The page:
RALEIGH, N.C. (WNCN) – The latest political scandal and investigation into Russian interference in the election has drawn comparisons to the most infamous scandal in recent history.
“It’s of Watergate size and scale,” said Sen. John McCain (R-AZ) this week.
The break-in at the Watergate Hotel would eventually lead to the end of Richard Nixon’s presidency, as he resigned in 1974.
“The facts are very, very different,” said Gene Boyce, an attorney in Raleigh. “Watergate was a huge investigation. So far, the current investigation is nowhere near that expansive.”
Boyce was the lead investigator on the Senate’s Watergate committee that discovered the taping system in the Nixon White House.
“Nixon tried to prevent the disclosure of those tapes, but the truth was on those tapes. Whether there’s any taping now, we don’t know,” said Boyce.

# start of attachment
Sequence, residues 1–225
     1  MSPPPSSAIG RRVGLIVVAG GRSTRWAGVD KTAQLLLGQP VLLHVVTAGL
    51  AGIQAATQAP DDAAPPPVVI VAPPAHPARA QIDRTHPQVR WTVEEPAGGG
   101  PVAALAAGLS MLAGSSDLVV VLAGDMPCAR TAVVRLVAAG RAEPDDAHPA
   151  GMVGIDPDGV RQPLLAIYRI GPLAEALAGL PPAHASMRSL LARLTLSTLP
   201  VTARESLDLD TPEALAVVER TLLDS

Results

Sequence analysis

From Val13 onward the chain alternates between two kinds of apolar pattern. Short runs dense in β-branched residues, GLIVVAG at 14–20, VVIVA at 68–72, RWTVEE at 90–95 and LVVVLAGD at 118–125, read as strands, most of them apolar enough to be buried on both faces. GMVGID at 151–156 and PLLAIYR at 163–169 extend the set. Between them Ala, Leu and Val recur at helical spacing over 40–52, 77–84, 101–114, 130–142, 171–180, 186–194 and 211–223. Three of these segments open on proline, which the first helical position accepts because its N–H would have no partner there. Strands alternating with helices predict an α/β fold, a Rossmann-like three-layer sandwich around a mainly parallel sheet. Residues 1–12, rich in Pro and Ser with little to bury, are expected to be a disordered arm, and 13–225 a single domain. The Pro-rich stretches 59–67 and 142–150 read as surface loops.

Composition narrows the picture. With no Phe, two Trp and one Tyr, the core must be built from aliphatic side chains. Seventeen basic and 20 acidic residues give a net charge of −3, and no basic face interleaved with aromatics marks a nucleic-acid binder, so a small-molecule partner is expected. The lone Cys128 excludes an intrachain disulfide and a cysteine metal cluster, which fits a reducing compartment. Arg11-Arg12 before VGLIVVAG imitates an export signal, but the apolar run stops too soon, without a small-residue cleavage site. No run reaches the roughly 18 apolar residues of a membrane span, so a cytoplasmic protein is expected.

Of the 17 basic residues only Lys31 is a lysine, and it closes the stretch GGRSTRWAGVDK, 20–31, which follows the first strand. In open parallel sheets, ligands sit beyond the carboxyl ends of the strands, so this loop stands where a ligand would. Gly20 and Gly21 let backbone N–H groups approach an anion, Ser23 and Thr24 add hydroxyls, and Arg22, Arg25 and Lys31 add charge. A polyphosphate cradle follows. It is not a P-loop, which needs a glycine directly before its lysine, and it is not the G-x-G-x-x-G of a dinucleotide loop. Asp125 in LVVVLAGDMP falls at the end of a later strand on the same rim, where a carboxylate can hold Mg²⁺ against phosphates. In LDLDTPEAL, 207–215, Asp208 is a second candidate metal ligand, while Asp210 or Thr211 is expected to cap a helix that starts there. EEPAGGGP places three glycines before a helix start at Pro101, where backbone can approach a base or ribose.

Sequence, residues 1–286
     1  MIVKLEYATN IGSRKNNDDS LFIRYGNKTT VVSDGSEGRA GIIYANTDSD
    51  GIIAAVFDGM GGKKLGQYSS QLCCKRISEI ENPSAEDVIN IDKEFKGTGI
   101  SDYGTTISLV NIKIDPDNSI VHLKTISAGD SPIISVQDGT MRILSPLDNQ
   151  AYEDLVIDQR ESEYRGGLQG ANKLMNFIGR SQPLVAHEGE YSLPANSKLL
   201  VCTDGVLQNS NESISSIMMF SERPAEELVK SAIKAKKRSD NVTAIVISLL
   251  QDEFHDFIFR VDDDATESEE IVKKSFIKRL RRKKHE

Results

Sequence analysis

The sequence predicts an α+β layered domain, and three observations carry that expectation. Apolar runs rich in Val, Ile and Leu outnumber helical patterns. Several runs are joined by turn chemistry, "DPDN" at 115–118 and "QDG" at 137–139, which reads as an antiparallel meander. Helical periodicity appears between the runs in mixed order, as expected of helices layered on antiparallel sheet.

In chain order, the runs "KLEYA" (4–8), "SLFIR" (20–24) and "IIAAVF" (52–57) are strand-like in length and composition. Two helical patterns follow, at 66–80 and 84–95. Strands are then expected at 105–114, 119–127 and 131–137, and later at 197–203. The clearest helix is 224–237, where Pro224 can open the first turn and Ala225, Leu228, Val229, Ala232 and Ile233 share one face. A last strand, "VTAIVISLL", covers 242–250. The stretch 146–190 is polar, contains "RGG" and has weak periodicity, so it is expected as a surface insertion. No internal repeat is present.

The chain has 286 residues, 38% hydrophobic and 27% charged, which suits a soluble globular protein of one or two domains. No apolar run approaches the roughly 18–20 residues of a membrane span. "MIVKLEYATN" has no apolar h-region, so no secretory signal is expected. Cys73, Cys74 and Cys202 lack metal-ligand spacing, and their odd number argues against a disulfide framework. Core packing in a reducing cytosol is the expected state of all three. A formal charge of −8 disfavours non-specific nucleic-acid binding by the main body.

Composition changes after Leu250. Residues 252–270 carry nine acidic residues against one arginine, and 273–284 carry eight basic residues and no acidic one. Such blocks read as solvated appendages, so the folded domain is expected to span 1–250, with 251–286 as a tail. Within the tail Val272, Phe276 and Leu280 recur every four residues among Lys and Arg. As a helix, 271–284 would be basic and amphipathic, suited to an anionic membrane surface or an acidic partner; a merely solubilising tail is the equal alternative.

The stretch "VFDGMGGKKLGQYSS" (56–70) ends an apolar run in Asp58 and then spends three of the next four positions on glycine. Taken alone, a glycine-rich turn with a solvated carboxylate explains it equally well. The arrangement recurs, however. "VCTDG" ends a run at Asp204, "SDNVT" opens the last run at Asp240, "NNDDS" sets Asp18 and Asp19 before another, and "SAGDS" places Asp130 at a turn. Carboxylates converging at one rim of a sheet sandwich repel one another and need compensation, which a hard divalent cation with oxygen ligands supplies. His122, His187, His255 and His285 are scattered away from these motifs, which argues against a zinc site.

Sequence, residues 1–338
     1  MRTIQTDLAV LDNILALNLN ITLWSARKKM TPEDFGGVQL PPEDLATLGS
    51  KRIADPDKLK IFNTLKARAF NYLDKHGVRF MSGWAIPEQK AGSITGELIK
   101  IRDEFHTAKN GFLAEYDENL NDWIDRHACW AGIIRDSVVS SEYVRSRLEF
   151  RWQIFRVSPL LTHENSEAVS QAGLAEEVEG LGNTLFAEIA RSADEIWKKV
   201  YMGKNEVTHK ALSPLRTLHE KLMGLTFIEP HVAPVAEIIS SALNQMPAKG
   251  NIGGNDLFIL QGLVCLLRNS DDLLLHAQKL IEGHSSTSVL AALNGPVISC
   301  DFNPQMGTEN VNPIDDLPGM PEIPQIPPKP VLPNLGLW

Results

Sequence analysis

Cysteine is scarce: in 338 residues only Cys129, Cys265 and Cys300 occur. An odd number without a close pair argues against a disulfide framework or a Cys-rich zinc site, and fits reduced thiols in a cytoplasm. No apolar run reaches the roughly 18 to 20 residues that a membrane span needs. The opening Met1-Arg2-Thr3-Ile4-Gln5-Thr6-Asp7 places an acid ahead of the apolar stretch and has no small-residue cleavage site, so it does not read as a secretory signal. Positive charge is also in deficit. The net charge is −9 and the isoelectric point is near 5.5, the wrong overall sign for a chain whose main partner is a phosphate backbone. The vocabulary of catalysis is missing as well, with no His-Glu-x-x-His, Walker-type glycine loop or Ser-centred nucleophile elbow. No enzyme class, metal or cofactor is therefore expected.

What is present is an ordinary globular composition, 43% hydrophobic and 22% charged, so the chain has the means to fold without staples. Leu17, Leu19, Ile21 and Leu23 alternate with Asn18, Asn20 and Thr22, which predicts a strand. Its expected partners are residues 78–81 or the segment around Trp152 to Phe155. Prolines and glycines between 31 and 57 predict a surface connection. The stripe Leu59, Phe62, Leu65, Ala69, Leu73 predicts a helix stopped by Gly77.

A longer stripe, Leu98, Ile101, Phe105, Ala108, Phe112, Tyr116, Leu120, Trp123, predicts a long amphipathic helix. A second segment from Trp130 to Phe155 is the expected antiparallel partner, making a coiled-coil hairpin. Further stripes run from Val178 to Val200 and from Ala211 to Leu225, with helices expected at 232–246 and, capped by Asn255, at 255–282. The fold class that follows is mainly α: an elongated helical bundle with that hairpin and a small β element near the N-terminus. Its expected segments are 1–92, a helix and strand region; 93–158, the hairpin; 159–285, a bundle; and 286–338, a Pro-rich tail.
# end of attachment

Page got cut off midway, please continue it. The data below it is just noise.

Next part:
He recalls an exhaustive investigation but one that took place in a much different political climate.
“But today, the political activity is overwhelming, taking over what’s going on,” said Boyce. “The public’s entitled to know what it says, and we’re entitled to form our own opinions.”
He says the main comparison he sees between the two events is the focus on who knew what and when. But beyond that, he says reported evidence such as tapes and documents still need to be heard and seen.
“Everything I’ve heard so far is just political conversation. There’s nothing substantial that’s come out yet. I hope they can find it,” said Boyce. “To rely on what A said to B and what B said he heard, my experience has been frequently two different things.”
He said he supports the appointment of Robert Mueller as special prosecutor, hoping that will lend credibility to the investigation wherever that may lead.
Boyce and many of the people who were involved in the Watergate investigation plan to be in Washington next month for a reunion on the 45th anniversary of the break-in at the Watergate Hotel.